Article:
My life as an undercover volunteer
Secret Millionaire – Channel Nine 9.30pm 29 Oct.
Episode Four: Features Naomi Simson
[Not all of the places I visit become part of the television program – more than 40hours of footage reduced to an hour long program. I meet amazing volunteers every where I go – their stories touch, move and inspire me. My diary includes much that simply cannot be shown on air.]
I go from the older citizens (Mission Possible) to a youth support centre known as ‘On the Edge’. Sammy was my host, showing me around the yellow weatherboard centre, which supports 1800 people from the community. She explains the programs they run including how they feed kids in schools every morning using donated bread, milk and eggs and volunteers. It is also a drop in centre, a place for young people to visit, receive support and socialize.
I try to put Sammy at ease but she is really quite nervous with the TV crew’s presence. She herself was one of the youths some years using the services before she went to TAFE. The centre does a great job – the kids in the area would not know what to do if the centre was not there to support them.
I meet Bob a volunteer, and when I ask him ‘so tell me Bob’s story’ I inadvertently bring tears to his eyes as he tells me of the death of one of his daughters, and how volunteering with young people gives him the opportunity to support others in a way he wishes his daughter had been supported. It is a truly touching tale of loss and generosity.
I ask questions about the counseling service they offer – I’m unclear about how they go about it, what program they use – is there on going treatment for clients, or referrals to other health professionals. I’m curious to know whether they are paid, how it all hangs together? I remember from the work I did for Kids Helpline that it is imperitive for consistency of service that councilors are paid. It is important to have skilled, trained and consistent, professionals working with kids.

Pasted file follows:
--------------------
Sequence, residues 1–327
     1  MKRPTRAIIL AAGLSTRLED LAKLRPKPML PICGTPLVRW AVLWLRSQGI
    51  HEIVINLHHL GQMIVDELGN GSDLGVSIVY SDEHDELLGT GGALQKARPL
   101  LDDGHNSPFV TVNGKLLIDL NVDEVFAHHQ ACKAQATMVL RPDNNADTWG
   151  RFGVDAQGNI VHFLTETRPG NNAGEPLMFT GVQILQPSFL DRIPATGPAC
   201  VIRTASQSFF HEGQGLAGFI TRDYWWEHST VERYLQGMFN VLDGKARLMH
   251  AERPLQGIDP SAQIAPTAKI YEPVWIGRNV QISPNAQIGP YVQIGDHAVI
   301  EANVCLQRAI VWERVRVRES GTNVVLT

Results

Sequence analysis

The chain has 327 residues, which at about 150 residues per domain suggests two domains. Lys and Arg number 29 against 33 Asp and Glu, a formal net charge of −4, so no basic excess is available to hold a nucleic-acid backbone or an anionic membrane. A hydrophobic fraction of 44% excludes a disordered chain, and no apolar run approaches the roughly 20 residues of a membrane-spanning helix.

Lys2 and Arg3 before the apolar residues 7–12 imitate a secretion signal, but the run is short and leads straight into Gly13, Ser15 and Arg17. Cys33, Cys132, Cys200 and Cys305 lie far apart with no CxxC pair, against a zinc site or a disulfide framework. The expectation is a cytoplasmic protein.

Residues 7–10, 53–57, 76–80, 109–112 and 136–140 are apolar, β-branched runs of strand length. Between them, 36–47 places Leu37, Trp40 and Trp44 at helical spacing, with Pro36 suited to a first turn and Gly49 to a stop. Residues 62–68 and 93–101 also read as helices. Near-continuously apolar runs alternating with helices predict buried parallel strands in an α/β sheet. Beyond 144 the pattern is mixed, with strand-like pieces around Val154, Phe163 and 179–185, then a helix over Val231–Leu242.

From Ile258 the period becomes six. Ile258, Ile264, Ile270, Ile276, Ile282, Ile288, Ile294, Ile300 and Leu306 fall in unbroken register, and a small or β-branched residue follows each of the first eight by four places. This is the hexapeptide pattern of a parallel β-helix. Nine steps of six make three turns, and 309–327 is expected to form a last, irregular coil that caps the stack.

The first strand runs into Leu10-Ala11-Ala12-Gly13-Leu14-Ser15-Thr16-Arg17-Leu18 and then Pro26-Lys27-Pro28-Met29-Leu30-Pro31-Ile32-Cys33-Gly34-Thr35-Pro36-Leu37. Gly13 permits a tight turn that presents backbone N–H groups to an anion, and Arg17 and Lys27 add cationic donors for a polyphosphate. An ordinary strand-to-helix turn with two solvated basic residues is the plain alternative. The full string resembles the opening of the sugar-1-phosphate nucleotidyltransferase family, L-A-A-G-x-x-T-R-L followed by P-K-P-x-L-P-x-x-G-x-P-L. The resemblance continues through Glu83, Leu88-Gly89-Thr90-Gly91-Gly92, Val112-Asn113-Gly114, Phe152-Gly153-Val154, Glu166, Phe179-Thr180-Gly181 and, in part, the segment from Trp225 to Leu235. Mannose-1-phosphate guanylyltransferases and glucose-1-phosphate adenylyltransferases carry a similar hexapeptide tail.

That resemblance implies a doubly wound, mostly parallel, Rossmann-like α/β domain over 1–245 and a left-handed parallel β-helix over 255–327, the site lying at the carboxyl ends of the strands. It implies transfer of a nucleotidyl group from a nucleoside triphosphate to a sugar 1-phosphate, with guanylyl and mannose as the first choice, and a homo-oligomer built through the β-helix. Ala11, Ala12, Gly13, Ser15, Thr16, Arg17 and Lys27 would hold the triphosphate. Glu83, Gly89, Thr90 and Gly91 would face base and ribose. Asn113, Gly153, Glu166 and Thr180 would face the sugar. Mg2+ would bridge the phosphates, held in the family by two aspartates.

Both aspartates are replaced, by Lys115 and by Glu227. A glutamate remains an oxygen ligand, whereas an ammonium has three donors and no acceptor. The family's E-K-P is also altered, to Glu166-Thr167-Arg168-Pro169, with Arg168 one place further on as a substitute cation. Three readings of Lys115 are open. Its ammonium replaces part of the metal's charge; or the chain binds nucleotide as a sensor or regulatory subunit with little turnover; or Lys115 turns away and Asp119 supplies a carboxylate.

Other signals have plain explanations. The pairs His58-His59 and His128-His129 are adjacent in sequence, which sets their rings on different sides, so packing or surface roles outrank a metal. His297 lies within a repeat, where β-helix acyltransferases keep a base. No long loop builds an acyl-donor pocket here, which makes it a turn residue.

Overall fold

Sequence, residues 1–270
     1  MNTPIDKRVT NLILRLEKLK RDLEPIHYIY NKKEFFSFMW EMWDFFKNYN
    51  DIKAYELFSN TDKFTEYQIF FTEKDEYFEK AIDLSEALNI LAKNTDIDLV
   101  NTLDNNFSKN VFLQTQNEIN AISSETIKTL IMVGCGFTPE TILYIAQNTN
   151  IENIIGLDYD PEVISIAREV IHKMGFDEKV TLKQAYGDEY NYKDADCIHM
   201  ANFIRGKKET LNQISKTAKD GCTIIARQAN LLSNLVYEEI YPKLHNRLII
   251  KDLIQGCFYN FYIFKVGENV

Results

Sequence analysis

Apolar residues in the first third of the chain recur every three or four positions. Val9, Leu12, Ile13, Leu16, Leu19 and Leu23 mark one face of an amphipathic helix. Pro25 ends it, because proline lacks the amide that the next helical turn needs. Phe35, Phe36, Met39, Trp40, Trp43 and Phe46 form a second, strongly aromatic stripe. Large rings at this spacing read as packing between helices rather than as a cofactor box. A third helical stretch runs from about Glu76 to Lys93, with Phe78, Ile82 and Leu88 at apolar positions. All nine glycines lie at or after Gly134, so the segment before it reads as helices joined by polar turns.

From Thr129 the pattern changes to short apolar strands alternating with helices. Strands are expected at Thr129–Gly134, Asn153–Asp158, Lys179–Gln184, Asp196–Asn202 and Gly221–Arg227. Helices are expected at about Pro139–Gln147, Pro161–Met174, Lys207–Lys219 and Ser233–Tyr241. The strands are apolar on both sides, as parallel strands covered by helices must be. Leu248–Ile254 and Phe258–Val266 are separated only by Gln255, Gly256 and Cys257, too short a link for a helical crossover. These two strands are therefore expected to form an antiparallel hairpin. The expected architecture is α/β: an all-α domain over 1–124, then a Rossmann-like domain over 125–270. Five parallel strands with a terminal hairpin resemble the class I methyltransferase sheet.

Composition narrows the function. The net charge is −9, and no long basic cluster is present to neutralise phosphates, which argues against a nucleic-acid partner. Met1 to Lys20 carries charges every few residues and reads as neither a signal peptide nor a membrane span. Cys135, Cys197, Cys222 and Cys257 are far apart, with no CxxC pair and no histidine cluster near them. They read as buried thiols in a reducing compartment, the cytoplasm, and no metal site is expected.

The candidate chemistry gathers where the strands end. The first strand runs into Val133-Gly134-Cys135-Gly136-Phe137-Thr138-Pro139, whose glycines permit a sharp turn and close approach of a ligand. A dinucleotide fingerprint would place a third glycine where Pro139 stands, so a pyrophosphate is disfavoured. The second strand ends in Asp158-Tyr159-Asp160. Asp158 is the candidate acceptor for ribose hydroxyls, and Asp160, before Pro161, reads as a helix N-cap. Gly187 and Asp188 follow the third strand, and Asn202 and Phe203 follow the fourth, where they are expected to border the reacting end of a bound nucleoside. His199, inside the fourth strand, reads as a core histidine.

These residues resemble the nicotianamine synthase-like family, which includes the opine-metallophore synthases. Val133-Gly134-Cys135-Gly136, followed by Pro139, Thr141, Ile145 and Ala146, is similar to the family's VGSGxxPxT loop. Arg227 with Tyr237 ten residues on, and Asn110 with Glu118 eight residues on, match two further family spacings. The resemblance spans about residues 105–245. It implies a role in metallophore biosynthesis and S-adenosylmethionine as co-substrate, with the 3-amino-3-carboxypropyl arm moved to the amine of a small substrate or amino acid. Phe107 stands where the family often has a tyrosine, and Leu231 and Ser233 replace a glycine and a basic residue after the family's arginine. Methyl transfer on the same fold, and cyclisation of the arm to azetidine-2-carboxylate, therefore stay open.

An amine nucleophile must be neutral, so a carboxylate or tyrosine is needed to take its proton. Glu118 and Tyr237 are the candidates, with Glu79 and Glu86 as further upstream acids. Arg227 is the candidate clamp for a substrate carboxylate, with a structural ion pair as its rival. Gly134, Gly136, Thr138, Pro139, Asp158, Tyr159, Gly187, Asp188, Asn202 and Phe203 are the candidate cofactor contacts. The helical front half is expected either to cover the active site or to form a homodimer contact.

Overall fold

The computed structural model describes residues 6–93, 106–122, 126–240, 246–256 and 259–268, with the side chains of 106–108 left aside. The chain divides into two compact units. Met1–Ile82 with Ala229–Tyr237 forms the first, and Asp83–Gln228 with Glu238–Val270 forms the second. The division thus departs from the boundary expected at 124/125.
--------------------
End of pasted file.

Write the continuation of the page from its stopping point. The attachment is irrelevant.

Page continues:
I don’t get a clear answer to the ‘Do you get paid?’ question. I think if this is what people do full time then they need to be paid, how can they support others if they cannot feed themselves. I didn’t get any clear sense of how the program worked financially, nor what the outcome of the work they do is. I asked the question ‘if this centre wasn’t here what would the community be like?”
My questions come thick and fast, I cannot help it. I’m trying to work out if my money would make a significant difference to the centre. The ‘Bosses’ are referred to, but I don’t get to meet them and they tell me that many of the volunteers come from the Uniting Church. On the Edge is most appreciative of and is well supported by the church.
I enjoyed their energy and commitment – and it is amazing to see how young people are so supported by the local community.
I return for another night of solitude (and noise). I have much to think about. I like the grass roots, community nature of the organizations I have visited so far. But likewise, I want to see that what I do will add unbelievable scale and make a fundamental difference. This does not have to be to a large group, but it must be something that they could not do on their own.
I’m not as keen to write about today’s experiences. It is now close to 10pm yet I have been on my own in the ‘green neon hilton’ since 6.00 as ‘Urban Hostage’. I made my diary cam as soon as I came back. I sit and talk about what is going on in my head after the day. I fry an egg for dinner, clean up the kitchen slowly. Today’s experience has profoundly affected me. I want to think about what I can do to support the people I have met today. I know I will meet very many worthy causes, but I need to apply my basic business instincts to all that I meet.